A frank talk about dollars and cents is no one’s idea of romance. But if you’ve met the person you want to share your life with, you should also verify whether your financial habits are compatible.
A 2013 study conducted by Boston-based Fidelity Investments found that 51 percent of couples admit they argue either frequently or occasionally about money. Among those couples, 38 percent said they never resolve their financial disagreements in a “mutually agreeable way,” Fidelity said.
Further, another study published in Family Relations Journal found arguments about money are a top predictor of divorce.
“Though finance doesn’t exactly spark the romantic flame, it can extinguish it if you are not on top of it,” said Jason Lilly, director of portfolio management at Rockland Trust.
Here are some financial questions that couples should ponder. Next
Are you truly equal partners when it comes to handling the finances?
Fidelity recommends that both people in a relationship be prepared to assume the position of “family CFO” if necessary because you don’t know what the future holds.
“A bit of contingency planning now can help you avoid a larger problem down the road,” the company said.
Do you both have a handle on the insurance and brokerage accounts?
Fidelity recommends that you both know who the beneficiaries are on life insurance policies and brokerage accounts because there are legal consequences if beneficiaries are not assigned.
Discuss what retirement, savings, and insurance policies you have in place, and where important documents are stored.
These steps can help avoid family squabbles and unnecessary tax penalties in the future, Fidelity said. Next
Are you both maximizing your savings potential?
Make sure each of you, if eligible, contributes to tax-advantaged savings accounts like a workplace savings plan or an IRA. Also, allocate your joint assets properly.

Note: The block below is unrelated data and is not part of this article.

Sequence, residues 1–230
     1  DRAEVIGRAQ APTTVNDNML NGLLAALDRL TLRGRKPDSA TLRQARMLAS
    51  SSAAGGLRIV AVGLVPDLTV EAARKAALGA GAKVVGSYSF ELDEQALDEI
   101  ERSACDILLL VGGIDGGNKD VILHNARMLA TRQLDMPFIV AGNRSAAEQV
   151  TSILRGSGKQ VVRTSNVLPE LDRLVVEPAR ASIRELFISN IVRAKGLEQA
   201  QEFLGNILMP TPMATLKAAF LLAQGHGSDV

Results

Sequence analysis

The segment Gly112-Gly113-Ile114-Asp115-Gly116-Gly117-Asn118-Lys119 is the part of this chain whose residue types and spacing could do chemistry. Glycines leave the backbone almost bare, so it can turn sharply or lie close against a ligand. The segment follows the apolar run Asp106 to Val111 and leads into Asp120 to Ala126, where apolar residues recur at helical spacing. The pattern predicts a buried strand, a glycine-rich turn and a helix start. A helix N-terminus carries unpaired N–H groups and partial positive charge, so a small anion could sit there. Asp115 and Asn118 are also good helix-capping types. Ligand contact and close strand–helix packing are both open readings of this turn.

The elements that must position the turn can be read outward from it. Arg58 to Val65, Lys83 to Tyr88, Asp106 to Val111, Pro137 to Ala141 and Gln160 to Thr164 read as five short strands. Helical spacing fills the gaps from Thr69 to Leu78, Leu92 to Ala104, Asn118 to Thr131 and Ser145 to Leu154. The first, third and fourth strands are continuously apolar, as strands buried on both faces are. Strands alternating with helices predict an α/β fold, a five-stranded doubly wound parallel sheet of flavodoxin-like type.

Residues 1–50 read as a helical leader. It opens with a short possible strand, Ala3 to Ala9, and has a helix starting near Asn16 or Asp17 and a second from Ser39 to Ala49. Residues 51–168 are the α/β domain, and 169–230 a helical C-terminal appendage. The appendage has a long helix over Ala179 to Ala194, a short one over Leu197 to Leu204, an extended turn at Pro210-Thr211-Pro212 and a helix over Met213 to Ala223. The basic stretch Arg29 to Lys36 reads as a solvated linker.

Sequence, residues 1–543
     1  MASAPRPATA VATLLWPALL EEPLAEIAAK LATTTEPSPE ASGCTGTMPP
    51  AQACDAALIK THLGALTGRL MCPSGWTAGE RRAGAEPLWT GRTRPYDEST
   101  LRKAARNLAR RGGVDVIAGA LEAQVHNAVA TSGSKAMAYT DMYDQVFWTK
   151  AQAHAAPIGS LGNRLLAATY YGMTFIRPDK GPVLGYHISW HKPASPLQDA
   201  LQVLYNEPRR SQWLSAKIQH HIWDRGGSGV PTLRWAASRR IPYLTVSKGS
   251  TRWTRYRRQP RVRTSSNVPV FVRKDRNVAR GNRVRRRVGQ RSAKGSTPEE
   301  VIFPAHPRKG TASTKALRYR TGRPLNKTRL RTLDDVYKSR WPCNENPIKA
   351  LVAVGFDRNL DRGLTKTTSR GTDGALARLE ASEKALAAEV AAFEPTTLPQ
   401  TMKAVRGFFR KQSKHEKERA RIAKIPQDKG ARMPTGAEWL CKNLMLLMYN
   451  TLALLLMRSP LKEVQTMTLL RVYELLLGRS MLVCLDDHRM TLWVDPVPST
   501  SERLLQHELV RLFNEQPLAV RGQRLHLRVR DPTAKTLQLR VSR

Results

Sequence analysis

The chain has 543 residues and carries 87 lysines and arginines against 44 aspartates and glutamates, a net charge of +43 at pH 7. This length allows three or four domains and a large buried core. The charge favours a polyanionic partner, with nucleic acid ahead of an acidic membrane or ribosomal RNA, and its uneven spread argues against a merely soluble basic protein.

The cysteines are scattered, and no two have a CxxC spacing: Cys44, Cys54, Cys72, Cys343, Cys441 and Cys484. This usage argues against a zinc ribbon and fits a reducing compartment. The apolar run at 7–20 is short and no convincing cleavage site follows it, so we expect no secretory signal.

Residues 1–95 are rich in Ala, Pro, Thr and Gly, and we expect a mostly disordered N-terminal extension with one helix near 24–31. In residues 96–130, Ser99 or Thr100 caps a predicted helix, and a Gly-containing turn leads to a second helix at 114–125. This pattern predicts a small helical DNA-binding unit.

“Establishing and maintaining an age-appropriate asset allocation that adjusts over time is critical to savings success,” Fidelity said. Next
Do you have a shared vision for what your retirement might look like?
Fidelity's “Couples Retirement Study” found that approximately 4 in 10 working couples, or 38 percent, disagree on the lifestyle they expect to lead in retirement.
Talk about what you want to do in retirement.
“If you are not on the same page about your goals, it’s hard to put the right plan in place,” the company said. Next
Discuss finances before committing
Develop an awareness of your financial personality and your partner’s. Is your love a spender? A saver? Will he or she make sacrifices like withdrawing money from a retirement account to support an adult child? Which category do you fall into?
Savers and spenders can co-exist as long as they manage to find a balance, Lilly said.
“It’s really important to have that conversation before you commit for sure,” he said. Next
Are you willing to find a financial middle ground?
Whether your partner is a spender, a saver, or someone who is willing to sacrifice money for the benefit of others, you “have to be willing to look at the other person’s perspective,” said Lilly of Rockland Trust.
He recommends creating a balance by saving and spending what you can afford.
Having a little bit of debt is OK and so is sacrificing—whether it be to help a friend or relative or support a charitable cause, Lilly said. The goal is to develop spending and saving habits for the lifestyle that reflects you as a couple, he said.
“There’s only one life. We want to enjoy it while we go through it,” he said. Back to the beginning
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